Friday, 15 January 2016

Bring back the Banyan

Before the smoking jacket, there was the banyan

On a recent visit to the victoria and Albert museum, I came across the banyan, a long, loose robe like a dressing gown, worn at home by 18th-century gentlemen. Unlike lot of 18th century clothing, it looked rather comfortable.

The banyan originated with robes worn by traders working for the East India Company in the 17th century, and evolved over the 18th century into various forms. Some were loose, like kimonos, or voluminous. Others were more fitted, like the European coats of the day. The finest examples were made from a whole range of luxurious fabrics: oriental silks, damasks, cotton chintz, and so on. They were meant for informal relaxation at home, but also worn while receiving and entertaining guests, rather like the smoking jackets of later periods, and often worn with a cap or turban, which replaced the more formal periwig.

It was the sort of garment that scholars and intellectuals liked to wear when having their portraits painted.
"Loose dresses contribute to the easy and vigorous exercise of the faculties of the mind. This remark is so obvious, and so generally known, that we find studious men are always painted in gowns, when they are seated in their libraries." (Benjamin Rush)

Here's one of Isaac Newton, by James Thornhill:

And here is one of the art historian Johann Joachim Winckelmann, by Anton von Maron:

The weather has been getting a bit colder of late, and we are always being encouraged to save energy and not overheat our houses. A banyan seems just the thing for lounging around semi recumbent on one’s sofa, book in one hand, hot coffee by the side, with the central heating turned down somewhat.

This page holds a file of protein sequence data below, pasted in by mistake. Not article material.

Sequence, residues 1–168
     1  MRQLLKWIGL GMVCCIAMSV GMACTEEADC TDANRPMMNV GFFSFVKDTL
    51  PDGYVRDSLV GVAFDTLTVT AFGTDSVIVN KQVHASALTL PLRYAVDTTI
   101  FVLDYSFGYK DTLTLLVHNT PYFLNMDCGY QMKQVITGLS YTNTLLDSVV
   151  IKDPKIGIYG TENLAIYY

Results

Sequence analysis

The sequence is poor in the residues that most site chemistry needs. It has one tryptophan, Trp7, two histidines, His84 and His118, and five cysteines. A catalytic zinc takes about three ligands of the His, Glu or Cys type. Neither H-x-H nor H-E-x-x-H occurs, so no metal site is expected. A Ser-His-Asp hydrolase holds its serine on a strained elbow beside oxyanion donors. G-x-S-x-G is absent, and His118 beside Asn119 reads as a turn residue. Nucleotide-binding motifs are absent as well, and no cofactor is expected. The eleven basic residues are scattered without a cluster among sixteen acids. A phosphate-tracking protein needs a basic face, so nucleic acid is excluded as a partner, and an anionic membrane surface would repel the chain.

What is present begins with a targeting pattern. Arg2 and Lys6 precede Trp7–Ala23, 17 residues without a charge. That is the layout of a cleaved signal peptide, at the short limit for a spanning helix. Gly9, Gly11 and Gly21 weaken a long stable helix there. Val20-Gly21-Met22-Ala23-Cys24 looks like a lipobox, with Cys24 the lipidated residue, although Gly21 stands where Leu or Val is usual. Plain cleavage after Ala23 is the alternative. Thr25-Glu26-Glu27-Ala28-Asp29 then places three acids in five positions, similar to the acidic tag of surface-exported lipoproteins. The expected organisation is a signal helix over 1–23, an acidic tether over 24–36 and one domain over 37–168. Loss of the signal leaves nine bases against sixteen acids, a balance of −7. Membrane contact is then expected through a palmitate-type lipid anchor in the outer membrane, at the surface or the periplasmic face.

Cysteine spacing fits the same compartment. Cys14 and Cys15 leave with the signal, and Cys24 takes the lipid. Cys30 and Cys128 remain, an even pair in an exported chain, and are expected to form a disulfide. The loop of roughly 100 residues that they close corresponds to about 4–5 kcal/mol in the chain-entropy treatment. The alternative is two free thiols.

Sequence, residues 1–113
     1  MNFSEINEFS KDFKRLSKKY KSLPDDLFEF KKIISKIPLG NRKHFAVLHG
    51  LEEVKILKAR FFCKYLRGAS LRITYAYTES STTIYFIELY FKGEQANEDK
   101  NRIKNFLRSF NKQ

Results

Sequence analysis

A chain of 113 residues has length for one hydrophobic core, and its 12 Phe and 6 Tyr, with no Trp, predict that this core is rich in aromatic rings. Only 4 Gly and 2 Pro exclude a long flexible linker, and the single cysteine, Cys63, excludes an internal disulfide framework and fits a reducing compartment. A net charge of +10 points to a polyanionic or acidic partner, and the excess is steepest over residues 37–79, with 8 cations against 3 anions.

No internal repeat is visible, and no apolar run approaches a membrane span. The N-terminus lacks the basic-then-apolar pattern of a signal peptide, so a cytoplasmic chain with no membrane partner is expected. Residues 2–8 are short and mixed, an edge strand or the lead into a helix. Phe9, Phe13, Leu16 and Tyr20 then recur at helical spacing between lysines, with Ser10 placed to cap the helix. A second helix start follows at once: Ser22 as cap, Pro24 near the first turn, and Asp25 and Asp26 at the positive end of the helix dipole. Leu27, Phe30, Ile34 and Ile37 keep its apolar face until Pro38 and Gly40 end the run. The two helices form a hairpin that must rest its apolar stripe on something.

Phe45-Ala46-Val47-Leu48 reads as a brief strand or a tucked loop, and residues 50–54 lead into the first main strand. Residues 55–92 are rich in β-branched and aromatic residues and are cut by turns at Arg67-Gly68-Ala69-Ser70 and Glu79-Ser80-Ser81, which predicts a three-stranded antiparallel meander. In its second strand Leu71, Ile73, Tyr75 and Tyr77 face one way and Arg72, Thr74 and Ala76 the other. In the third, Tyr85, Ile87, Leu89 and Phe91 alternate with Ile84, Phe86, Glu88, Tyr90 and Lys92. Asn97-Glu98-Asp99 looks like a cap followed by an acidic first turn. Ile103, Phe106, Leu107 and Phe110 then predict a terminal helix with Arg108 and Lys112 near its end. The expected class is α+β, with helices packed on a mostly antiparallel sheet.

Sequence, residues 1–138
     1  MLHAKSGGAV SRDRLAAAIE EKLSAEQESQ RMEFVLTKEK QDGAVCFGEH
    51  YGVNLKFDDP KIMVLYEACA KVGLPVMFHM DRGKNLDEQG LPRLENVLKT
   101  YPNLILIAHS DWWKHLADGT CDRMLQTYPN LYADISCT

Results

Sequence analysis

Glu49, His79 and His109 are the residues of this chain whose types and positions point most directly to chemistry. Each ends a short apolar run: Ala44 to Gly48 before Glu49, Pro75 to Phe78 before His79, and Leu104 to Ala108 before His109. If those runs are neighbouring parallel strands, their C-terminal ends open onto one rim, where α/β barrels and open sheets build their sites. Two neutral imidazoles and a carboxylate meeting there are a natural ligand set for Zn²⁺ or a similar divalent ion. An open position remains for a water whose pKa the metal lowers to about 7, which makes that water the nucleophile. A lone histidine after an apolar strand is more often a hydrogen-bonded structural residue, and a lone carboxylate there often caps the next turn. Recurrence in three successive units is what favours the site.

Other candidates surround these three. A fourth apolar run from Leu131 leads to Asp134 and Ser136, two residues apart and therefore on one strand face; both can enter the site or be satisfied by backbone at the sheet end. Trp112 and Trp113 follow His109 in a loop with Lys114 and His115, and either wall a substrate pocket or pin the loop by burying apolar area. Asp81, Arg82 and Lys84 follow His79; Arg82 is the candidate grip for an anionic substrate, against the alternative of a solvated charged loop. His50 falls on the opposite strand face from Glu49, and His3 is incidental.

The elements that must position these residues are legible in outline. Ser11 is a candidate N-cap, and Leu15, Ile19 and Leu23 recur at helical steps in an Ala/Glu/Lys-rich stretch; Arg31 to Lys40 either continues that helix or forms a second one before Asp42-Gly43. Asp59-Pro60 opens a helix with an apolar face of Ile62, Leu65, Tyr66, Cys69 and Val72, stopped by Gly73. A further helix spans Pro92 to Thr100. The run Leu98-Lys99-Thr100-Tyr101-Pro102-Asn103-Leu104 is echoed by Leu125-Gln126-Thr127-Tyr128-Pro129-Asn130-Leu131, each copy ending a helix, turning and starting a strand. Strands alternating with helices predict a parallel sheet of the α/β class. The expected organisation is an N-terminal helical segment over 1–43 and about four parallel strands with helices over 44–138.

They don’t seem to be easy to get hold of though. If you want to make one for yourself, or get someone to do it, patterns are available, such as this one. A couple of people in the US make them, and sell them on Etsy.

I’m not about to shell out myself for one of them, and it's the spirit of the thing that matters, not the actual item. I've resurrected an old heavy duty bathrobe, which I hadn’t used for a while. I got it as a present some years ago.

The only problem is that a banyan is not the ideal garment if, in addition to being a scholar and intellectual, or engaging in witty repartee, a chap is also obliged to undertake mundane domestic tasks like making coffee or doing the washing up, as it rather gets in the way. An 18th-century banyan-wearing gentleman presumably did not have to bother with such banal trifles, but such is modern life, I suppose.

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